TCA: ‘Jane’ a Role Model, Says E.P.

Besides being entertainment, Jane the Virgin is full of role models for young females, said Jennie Snyder Urman, exec producer of the CW comedy, in the form of female characters “who go after their dreams.” Snyder Urman said she’s “proud of all the small choices we make” on the show,” noting how the prestige occupations depicted on screen, the lawyers and doctors, are held by females.

Snyder Urman shared the stage with Aline Brosh McKenna, exec producer on Crazy Ex Girlfriend. In the previous session, CW president Mark Pedowitz voiced support for the ratings-challenged series but fell short of announcing Crazy Ex's pickup for next year.

Brosh McKenna said Crazy Ex’s humorous songs, available on digital platforms, may be a way in to the series for potential viewers. There will be 38 songs this season—“a triple album!” said Brosh McKenna—representing a multitude of genres. She cited the “crazy magic wizardry” of the ditty-writers, including star and exec producer Rachel Bloom.

Brosh McKenna acknowledged the challenge of building viewership for Crazy Ex, which leads into Jane. “I think it’s an unusual show, an out of box show,” she said. “It’s hard to get people to understand totally what it is.”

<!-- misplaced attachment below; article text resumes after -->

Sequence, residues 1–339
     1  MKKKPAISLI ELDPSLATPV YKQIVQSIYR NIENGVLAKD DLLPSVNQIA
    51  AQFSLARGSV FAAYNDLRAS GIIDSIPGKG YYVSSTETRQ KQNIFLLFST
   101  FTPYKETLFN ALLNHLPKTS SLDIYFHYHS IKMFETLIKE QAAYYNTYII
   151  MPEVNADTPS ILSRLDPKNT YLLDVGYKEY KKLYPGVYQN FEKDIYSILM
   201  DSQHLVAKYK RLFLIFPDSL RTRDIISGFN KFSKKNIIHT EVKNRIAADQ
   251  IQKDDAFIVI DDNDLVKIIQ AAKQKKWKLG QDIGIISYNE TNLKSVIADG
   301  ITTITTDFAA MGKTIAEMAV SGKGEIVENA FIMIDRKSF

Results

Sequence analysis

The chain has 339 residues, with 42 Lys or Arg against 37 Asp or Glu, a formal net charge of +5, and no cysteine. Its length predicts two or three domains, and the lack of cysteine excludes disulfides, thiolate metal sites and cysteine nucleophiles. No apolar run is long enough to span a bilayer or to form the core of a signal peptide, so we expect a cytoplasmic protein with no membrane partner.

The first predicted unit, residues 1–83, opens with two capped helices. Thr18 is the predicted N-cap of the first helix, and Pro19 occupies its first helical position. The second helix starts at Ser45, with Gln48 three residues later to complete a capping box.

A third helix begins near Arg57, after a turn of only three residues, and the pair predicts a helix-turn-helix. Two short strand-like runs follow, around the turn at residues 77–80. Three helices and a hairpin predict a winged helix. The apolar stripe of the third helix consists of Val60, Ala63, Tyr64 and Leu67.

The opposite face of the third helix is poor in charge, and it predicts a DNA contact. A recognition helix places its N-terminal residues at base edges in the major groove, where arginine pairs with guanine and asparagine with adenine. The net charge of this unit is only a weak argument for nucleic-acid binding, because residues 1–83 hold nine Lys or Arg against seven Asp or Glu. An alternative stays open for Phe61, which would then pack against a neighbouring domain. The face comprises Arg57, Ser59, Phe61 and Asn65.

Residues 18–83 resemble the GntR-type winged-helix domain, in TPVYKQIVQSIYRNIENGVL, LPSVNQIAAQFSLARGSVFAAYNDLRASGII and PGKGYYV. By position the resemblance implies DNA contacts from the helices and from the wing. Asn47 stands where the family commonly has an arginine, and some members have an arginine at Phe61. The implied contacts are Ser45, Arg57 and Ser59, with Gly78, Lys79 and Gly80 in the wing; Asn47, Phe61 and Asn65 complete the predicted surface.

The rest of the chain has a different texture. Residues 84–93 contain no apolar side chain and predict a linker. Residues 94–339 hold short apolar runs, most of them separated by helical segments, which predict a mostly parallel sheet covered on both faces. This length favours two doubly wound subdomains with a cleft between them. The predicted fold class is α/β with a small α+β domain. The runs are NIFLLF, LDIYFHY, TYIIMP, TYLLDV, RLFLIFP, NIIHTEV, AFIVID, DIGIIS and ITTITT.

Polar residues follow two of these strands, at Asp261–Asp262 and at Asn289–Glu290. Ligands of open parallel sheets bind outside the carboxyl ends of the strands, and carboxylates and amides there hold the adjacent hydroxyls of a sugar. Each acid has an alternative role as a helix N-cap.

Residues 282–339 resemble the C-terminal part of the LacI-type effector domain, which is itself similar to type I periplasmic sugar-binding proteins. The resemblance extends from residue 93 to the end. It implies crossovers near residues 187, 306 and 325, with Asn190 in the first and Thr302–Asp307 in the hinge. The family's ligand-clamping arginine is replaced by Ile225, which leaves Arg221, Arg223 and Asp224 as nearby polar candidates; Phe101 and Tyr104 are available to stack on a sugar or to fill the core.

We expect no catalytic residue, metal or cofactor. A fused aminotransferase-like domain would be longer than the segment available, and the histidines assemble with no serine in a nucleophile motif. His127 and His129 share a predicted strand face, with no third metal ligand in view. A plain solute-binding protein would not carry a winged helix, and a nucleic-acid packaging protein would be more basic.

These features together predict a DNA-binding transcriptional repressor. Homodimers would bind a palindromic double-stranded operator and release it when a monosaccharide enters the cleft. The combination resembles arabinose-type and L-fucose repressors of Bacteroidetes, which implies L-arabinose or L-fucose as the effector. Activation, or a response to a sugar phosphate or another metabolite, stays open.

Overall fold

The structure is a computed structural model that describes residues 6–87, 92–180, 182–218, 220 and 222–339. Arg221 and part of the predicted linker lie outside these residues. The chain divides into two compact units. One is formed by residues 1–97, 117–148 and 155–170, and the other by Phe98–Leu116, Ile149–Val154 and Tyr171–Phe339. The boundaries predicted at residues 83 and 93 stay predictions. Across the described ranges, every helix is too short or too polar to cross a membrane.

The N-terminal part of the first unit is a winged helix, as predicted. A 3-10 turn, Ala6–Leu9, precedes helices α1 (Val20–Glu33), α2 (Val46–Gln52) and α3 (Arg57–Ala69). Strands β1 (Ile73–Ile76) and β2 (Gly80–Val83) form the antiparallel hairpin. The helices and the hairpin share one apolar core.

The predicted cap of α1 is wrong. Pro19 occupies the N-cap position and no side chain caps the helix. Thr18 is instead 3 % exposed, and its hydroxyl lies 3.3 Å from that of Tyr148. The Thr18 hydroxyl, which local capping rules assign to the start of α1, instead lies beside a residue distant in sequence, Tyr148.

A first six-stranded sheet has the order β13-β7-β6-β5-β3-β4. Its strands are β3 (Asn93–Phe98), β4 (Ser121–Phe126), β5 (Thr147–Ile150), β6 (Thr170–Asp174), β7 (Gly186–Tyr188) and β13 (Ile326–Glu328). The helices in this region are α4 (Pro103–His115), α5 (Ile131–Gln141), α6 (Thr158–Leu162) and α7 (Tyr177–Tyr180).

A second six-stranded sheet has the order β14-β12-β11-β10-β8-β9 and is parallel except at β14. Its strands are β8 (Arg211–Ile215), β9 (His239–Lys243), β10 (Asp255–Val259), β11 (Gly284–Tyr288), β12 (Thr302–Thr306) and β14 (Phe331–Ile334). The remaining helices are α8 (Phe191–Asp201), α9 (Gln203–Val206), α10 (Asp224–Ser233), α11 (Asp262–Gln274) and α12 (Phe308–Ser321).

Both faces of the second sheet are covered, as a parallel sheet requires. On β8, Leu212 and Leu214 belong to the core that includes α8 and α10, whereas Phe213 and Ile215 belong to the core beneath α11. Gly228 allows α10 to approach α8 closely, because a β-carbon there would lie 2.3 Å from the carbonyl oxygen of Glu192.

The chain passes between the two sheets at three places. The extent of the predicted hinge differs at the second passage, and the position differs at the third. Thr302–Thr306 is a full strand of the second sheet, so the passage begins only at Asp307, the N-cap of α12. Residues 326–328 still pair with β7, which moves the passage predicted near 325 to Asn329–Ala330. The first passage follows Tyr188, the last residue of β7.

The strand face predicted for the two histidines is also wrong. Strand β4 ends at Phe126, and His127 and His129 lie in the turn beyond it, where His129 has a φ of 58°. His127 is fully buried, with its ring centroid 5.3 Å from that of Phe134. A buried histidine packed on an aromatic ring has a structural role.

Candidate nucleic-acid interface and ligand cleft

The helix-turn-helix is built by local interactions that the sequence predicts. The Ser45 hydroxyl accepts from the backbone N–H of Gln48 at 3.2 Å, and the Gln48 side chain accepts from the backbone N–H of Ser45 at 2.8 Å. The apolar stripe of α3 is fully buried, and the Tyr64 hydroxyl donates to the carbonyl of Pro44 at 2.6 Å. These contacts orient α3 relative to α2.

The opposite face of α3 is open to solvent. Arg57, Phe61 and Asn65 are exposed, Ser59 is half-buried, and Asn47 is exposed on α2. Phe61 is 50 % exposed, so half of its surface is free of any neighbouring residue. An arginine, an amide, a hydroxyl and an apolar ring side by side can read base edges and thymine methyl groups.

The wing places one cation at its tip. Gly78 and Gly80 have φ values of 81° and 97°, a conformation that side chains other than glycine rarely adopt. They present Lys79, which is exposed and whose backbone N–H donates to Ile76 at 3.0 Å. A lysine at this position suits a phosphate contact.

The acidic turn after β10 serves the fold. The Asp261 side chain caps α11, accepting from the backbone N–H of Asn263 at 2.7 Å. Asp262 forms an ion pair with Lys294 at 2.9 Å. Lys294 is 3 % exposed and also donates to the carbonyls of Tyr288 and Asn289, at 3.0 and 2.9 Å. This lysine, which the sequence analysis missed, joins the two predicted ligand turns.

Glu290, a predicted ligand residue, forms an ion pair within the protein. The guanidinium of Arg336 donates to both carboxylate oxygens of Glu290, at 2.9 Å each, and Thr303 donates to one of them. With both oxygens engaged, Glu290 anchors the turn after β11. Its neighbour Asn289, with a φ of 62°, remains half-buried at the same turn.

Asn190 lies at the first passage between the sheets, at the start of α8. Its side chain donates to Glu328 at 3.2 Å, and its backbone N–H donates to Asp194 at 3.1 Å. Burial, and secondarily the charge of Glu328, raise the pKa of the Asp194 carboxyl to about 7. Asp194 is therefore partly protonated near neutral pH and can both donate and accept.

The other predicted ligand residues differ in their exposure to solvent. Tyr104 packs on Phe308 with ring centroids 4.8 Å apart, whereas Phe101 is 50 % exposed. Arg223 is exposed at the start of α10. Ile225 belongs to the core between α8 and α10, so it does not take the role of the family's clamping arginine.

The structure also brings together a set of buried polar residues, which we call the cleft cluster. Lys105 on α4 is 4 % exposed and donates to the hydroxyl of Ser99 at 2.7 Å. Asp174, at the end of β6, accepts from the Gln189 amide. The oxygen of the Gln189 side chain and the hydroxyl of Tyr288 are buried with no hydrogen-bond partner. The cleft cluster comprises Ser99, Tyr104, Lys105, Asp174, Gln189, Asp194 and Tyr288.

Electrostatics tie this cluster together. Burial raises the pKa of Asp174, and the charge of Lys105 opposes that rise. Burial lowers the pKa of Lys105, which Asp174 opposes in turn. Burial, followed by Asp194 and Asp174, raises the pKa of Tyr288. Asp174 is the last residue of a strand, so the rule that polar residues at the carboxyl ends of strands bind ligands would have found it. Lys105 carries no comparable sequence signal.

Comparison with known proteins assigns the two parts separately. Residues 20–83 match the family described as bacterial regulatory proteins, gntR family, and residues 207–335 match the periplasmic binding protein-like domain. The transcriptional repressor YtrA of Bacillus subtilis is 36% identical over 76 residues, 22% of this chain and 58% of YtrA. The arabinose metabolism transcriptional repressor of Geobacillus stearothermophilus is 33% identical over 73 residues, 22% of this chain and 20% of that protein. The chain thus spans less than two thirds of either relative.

Snyder Urman offered a peek at the next leg of Jane, including a buildup to the big wedding, a health crisis for a cast member and the character Petra giving birth.

The show will unfold at its own pace. “Slow-moving storytelling,” she said. “We’ll stick with that.”

Michael Malone, senior content producer at B+C/Multichannel News, covers network programming, including entertainment, news and sports on broadcast, cable and streaming; and local broadcast television. He hosts the podcasts Busted Pilot, about what’s new in television, and Series Business, a chat with the creator of a new program, and writes the column “The Watchman.” He joined B+C in 2005. His journalism has also appeared in The New York Times, The Philadelphia Inquirer, Playboy and New York magazine.